We investigated the relationship between gestational glucose intolerance and the development of pregnancy-induced hypertension including gestational hypertension (GH) and preeclampsia. Consecutive Japanese women with singleton pregnancies underwent a standard 1 h, 50 g oral glucose challenge test (GCT) at 24-27 weeks of gestation, followed by a 75 g, 2 h oral glucose tolerance test (OGTT) if the GCT result exceeded 130 mg/dl. Using criteria of the Japan Society of Obstetrics and Gynecology, gestational diabetes mellitus (GDM) was defined by two or more abnormal OGTT values and mild glucose intolerance by one abnormal value. The normal glucose tolerance group included women with GCT results below 130 mg/dl or normal OGTT values. GH was defined as blood pressure of at least 140/90 mmHg occurring for the first time after mid-pregnancy, without proteinuria. Preeclampsia was determined as GH with proteinuria. Of 2651 consecutive patients, 49 women were found to have GDM, and 139 showed mild glucose intolerance. Sixty patients showed GH, and 58 developed preeclampsia. The frequency of GH in mild glucose intolerance or GDM was 5.8% or 8.2%, respectively, significantly greater than in normal glucose tolerance (P<0.01). Incidence of preeclampsia was not significantly increased in women with mild glucose intolerance or GDM (2.2% or 4.1%, respectively, compared to those with normal glucose tolerance). Japanese women with gestational glucose intolerance therefore have an increased risk of developing GH.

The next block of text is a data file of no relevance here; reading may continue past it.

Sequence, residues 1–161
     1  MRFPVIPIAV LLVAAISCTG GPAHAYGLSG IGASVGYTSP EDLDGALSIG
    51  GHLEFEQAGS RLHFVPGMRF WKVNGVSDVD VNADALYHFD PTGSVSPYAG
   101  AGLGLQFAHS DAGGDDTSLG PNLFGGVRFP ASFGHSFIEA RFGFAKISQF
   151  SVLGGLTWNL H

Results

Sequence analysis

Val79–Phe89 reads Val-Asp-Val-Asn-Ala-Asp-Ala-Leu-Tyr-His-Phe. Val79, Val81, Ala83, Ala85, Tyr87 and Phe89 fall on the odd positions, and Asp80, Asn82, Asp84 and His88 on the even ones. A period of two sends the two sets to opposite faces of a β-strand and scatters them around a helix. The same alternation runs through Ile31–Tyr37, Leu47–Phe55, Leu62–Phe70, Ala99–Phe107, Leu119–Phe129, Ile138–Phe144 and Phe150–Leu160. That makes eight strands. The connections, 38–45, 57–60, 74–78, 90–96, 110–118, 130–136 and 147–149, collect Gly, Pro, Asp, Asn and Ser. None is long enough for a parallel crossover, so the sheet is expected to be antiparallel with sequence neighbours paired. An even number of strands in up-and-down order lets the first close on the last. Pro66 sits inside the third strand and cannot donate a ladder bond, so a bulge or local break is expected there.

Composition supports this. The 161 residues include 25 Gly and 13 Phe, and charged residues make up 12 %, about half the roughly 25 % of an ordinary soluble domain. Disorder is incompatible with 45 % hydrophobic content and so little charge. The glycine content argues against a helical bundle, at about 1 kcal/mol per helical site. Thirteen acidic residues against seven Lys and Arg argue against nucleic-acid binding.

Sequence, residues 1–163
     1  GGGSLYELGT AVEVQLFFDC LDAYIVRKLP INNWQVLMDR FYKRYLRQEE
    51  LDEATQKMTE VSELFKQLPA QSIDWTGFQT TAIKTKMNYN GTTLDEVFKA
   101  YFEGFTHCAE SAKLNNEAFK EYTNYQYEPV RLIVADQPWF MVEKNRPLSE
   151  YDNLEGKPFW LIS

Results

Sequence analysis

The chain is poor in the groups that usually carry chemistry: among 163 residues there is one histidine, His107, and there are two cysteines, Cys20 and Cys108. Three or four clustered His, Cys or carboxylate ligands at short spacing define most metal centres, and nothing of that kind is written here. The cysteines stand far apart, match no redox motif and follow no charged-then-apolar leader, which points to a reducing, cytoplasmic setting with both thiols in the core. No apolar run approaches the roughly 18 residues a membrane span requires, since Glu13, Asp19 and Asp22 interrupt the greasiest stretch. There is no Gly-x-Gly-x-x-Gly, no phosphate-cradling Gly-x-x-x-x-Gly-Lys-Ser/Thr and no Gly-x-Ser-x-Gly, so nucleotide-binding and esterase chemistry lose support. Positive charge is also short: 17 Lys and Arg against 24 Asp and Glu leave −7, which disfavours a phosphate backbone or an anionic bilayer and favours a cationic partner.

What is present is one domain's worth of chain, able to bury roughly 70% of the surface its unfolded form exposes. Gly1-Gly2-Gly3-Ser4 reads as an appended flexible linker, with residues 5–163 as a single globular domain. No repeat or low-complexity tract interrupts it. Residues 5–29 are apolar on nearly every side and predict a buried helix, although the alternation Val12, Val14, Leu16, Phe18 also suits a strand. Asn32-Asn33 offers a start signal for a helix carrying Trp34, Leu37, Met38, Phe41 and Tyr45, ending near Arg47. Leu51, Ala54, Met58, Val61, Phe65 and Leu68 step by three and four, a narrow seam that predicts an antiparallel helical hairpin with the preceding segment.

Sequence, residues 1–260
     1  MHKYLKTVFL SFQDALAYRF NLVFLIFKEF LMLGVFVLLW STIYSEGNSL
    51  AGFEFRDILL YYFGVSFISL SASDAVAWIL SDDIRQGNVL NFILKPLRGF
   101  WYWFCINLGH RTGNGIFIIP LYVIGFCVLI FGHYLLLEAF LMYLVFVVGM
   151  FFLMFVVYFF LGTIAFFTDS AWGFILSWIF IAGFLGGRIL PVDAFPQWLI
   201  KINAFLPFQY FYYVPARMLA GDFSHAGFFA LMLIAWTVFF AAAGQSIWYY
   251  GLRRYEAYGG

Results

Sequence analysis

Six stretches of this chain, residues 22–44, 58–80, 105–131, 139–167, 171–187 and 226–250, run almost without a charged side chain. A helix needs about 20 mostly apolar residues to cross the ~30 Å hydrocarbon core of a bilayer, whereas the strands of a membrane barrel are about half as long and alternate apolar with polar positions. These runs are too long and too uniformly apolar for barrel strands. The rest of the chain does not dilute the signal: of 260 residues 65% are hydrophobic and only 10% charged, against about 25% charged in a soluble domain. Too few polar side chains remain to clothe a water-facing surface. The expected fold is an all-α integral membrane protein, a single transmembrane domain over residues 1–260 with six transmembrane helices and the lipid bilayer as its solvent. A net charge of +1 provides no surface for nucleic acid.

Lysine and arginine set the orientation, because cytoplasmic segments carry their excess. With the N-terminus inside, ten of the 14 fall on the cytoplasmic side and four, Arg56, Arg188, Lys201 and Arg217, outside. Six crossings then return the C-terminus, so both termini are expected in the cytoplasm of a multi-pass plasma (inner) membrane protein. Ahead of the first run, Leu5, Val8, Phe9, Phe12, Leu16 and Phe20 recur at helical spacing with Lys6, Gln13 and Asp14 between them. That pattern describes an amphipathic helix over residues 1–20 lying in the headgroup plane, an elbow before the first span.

ASJC Scopus subject areas